Practice 10-Minute Consultation


BMJ 2011; 342 doi: (Published 16 February 2011) Cite this as: BMJ 2011;342:d567

Avoid 50% Dextrose!

Re: Practice:
Piya Sen Gupta, Andrea N Green, and Tahseen A Chowdhury
BMJ 2011 342:d567; doi:10.1136/bmj.d567

The authors are to be congratulated for producing a concise review of
an important area of clinical management bridging primary and secondary
care services in the UK. However there are 3 areas that are worthy of
further comment:

1) Figure 1 suggests the use of intravenous 50% dextrose for the emergency
rescue of the unconscious patient with hypoglycaemia in the community.
Most UK hospitals guidelines now suggest avoiding anything more
concentrated than 20% dextrose. The main concern is that 50% dextrose is
caustic to tissues if it extravasates out of the vascular space, a
significant risk where cannulation is attempted out of hospital.

2) Whipple's triad is not necessarily a useful diagnostic for insulin
induced hypoglycaemia in diabetes. As partly alluded to in the review, two
of Whipple's three criteria- the presence of symptoms which are then
reversed following administration of glucose- may be absent in patients
who have lost warning symptoms of hypoglycaemia. In clinical practice, the
greater problem is arguably not so much the diagnosis of hypoglycaemia in
this situation but rather the recognition that it is problematic by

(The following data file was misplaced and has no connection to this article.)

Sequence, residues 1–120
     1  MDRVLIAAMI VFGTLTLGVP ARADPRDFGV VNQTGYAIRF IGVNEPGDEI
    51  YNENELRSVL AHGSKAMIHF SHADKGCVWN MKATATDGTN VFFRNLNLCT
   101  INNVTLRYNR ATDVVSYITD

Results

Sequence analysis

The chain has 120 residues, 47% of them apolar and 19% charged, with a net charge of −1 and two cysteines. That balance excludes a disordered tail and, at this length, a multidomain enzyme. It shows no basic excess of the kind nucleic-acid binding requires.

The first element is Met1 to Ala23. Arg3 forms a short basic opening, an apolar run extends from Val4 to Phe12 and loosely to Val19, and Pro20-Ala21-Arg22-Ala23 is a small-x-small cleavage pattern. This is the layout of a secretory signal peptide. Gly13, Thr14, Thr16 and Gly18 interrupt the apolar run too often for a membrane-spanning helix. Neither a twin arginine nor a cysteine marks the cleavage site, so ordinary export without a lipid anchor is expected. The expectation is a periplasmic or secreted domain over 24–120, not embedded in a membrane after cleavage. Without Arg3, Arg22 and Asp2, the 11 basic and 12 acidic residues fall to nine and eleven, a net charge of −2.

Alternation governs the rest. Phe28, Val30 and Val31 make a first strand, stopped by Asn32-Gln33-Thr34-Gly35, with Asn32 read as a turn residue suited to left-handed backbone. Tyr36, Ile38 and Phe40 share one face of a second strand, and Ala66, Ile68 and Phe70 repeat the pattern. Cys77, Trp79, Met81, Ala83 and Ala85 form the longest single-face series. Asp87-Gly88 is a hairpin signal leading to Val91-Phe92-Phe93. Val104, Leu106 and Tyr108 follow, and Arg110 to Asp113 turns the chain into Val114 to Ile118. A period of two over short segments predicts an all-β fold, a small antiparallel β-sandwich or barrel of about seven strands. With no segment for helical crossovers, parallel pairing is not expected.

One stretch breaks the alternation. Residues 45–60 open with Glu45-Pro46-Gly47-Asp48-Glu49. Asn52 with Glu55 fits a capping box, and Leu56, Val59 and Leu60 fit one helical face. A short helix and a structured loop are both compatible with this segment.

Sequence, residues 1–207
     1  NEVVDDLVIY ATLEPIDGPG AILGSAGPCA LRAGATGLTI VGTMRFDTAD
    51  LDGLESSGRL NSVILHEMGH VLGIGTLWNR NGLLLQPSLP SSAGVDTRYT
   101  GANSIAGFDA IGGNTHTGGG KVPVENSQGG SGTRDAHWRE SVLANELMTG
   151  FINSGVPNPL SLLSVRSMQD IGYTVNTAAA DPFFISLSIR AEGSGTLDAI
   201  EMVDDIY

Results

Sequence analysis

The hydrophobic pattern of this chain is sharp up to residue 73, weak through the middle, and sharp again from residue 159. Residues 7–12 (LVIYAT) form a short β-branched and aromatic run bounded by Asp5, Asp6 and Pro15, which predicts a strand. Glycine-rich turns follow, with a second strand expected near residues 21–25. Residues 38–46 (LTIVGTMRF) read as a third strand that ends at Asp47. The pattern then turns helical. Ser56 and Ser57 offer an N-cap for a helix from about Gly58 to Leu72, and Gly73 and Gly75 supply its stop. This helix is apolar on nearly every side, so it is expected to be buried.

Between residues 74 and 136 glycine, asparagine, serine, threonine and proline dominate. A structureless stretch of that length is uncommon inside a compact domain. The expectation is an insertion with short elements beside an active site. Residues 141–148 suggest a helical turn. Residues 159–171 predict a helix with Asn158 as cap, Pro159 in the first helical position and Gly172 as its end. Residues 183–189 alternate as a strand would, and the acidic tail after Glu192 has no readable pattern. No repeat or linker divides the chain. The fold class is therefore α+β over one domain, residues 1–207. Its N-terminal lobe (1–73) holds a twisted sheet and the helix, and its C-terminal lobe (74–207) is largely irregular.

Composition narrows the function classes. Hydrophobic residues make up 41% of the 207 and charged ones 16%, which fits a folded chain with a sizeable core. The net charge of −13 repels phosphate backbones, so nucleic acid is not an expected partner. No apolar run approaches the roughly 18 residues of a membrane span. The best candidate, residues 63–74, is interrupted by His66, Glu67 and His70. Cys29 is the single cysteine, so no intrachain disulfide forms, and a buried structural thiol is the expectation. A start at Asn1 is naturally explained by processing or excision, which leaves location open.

patients and/or health care providers.

3) Finally, although at face value the use of the long acting insulin
analogue, glargine, contradicts current NICE guidelines, type 2 diabetes
is a heterogeneous condition and there is an increasing realisation that
many slim, insulin-sensitive patients like this requiring exogenous
insulin therapy may actually have a "slow burning" type 1 diabetes (which
has attracted various monikers over the years including "type 1.5
diabetes"). There is a high likelihood that the patient presented here may
progress to requiring a full "basal-bolus" regimen including insulin
analogue therapy where appropriate to achieve decent glycaemic control
without hypoglycaemia, probably requiring specialist referral, something
that primary care practitioners should be aware of.

Competing interests: No competing interests

21 February 2011
Mark L Evans
University Lecturer/ Honorary Consultant Physician
Institute of Metabolic Science, University of Cambridge